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Apis mellifica Explained

Apis mellifica at English => English (Websters 1913) Of Explained:

Apis \A"pis\, n. [L., bee.] (Zo["o]l.)
A genus of insects of the order Hymenoptera, including the
common honeybee ({Apis mellifica}) and other related species.
See {Honeybee}.

Bee \Bee\ (b[=e]), n. [AS. be['o]; akin to D. bij and bije,
Icel. b?, Sw. & Dan. bi, OHG. pini, G. biene, and perh. Ir.
beach, Lith. bitis, Skr. bha. [root]97.]
1. (Zo["o]l.) An insect of the order {Hymenoptera}, and
family {Apid[ae]} (the honeybees), or family
{Andrenid[ae]} (the solitary bees.) See {Honeybee}.

Note: There are many genera and species. The common honeybee
({Apis mellifica}) lives in swarms, each of which has
its own queen, its males or drones, and its very
numerous workers, which are barren females. Besides the
{A. mellifica} there are other species and varieties of
honeybees, as the {A. ligustica} of Spain and Italy;
the {A. Indica} of India; the {A. fasciata} of Egypt.
The {bumblebee} is a species of {Bombus}. The tropical
honeybees belong mostly to {Melipoma} and {Trigona}.

2. A neighborly gathering of people who engage in united
labor for the benefit of an individual or family; as, a
quilting bee; a husking bee; a raising bee. [U. S.]

The cellar . . . was dug by a bee in a single day.
--S. G.

3. pl. [Prob. fr. AS. be['a]h ring, fr. b?gan to bend. See
1st {Bow}.] (Naut.) Pieces of hard wood bolted to the
sides of the bowsprit, to reeve the fore-topmast stays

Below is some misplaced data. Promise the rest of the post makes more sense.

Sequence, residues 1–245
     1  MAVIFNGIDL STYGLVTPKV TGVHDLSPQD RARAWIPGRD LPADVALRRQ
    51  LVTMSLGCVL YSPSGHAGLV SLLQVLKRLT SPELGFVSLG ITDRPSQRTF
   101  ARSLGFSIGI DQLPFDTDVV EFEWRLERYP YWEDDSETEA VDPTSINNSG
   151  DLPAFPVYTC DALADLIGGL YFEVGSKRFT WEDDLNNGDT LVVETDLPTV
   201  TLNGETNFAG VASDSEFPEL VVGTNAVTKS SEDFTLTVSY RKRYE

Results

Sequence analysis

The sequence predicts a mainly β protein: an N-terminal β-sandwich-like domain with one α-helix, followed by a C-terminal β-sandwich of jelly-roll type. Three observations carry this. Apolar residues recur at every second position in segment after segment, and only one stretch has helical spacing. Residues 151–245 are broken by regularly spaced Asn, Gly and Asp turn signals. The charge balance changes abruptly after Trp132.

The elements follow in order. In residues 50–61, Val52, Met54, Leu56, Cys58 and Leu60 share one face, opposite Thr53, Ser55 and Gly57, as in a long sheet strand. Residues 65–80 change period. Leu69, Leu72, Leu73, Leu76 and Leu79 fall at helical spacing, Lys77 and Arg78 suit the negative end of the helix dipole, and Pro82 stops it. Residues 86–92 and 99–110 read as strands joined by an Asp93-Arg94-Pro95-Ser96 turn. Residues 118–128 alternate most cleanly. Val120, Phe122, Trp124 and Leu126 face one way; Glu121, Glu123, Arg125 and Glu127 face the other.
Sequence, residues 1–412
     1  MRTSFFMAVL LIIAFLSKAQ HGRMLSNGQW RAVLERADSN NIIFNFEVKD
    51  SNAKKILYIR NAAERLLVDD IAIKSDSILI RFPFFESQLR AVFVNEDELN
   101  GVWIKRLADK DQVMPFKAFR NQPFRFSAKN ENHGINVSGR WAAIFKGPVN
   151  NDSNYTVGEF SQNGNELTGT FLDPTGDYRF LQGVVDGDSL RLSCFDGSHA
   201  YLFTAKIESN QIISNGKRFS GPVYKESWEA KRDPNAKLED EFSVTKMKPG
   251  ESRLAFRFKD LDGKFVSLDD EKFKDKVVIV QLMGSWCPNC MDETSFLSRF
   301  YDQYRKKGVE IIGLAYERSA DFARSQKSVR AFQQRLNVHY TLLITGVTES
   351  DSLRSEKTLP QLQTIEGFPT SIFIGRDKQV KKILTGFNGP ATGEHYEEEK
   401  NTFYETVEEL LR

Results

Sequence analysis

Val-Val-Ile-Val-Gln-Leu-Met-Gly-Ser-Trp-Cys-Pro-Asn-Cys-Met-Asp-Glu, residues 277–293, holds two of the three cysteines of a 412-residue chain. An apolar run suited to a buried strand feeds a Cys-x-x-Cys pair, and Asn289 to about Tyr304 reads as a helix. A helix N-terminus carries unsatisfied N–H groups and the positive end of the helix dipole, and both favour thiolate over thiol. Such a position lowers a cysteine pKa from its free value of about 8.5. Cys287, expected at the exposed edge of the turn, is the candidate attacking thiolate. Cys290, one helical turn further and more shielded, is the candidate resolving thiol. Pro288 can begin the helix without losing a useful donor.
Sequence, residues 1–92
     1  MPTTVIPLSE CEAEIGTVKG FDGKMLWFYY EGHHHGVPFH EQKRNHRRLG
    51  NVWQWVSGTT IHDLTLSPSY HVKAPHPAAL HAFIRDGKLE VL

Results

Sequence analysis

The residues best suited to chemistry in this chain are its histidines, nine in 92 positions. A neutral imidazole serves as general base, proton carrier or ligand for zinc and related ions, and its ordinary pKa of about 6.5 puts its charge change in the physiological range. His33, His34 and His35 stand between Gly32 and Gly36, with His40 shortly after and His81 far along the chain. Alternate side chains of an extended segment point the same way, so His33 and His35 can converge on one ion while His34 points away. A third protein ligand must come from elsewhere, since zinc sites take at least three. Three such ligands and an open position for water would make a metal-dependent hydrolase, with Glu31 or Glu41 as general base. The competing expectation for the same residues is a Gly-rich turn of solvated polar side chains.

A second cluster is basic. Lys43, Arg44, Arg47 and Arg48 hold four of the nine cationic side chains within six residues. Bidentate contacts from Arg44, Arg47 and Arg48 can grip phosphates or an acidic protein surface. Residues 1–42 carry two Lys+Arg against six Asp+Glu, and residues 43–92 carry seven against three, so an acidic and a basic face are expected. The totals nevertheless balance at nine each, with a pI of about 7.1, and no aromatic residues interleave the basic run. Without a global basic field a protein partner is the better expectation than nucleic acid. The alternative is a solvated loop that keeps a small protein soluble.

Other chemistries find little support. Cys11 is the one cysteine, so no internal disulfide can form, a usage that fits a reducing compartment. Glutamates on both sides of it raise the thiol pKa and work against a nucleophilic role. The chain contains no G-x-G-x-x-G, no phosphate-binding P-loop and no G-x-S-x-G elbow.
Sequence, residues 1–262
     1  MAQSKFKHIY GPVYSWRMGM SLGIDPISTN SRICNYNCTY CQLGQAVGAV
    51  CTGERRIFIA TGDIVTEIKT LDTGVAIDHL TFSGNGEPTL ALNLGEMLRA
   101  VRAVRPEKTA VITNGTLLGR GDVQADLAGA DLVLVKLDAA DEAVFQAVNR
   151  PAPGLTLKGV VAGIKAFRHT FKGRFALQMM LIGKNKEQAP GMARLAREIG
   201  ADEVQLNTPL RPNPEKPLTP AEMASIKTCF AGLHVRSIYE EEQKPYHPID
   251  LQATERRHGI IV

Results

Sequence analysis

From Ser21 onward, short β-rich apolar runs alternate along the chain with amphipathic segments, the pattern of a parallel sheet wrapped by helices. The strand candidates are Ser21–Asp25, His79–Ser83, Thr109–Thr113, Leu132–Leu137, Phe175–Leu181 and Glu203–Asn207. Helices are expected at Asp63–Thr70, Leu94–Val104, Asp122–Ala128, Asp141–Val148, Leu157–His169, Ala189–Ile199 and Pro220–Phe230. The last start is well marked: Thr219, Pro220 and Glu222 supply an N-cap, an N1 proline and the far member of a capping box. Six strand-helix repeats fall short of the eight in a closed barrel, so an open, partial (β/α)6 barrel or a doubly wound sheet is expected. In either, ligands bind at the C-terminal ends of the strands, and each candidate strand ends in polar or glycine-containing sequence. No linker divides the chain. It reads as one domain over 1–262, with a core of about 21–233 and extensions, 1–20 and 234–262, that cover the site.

through; -- called also {bee blocks}.

{Bee beetle} (Zo["o]l.), a beetle ({Trichodes apiarius})
parasitic in beehives.

{Bee bird} (Zo["o]l.), a bird that eats the honeybee, as the
European flycatcher, and the American kingbird.

{Bee flower} (Bot.), an orchidaceous plant of the genus
{Ophrys} ({O. apifera}), whose flowers have some
resemblance to bees, flies, and other insects.

{Bee fly} (Zo["o]l.), a two winged fly of the family
{Bombyliid[ae]}. Some species, in the larval state, are
parasitic upon bees.

{Bee garden}, a garden or inclosure to set beehives in; an
apiary. --Mortimer.

{Bee glue}, a soft, unctuous matter, with which bees cement
the combs to the hives, and close up the cells; -- called
also {propolis}.

{Bee hawk} (Zo["o]l.), the honey buzzard.

{Bee killer} (Zo["o]l.), a large two-winged fly of the family
{Asilid[ae]} (esp. {Trupanea apivora}) which feeds upon
the honeybee. See {Robber fly}.

{Bee louse} (Zo["o]l.), a minute, wingless, dipterous insect
({Braula c[ae]ca}) parasitic on hive bees.

{Bee martin} (Zo["o]l.), the kingbird ({Tyrannus
Carolinensis}) which occasionally feeds on bees.

{Bee moth} (Zo["o]l.), a moth ({Galleria cereana}) whose
larv[ae] feed on honeycomb, occasioning great damage in

{Bee wolf} (Zo["o]l.), the larva of the bee beetle. See
Illust. of {Bee beetle}.

{To have a bee in the head} or {in the bonnet}.
(a) To be choleric. [Obs.]
(b) To be restless or uneasy. --B. Jonson.
(c) To be full of fancies; to be a little crazy. ``She's
whiles crack-brained, and has a bee in her head.''
--Sir W. Scott.

Honeybee \Hon"ey*bee`\, n. (Zo["o]l.)
Any bee of the genus {Apis}, which lives in communities and
collects honey, esp. the common domesticated hive bee ({Apis
mellifica}), the Italian bee ({A. ligustica}), and the
Arabiab bee ({A. fasciata}). The two latter are by many
entomologists considered only varieties of the common hive
bee. Each swarm of bees consists of a large number of workers
(barren females), with, ordinarily, one queen or fertile
female, but in the swarming season several young queens, and
a number of males or drones, are produced.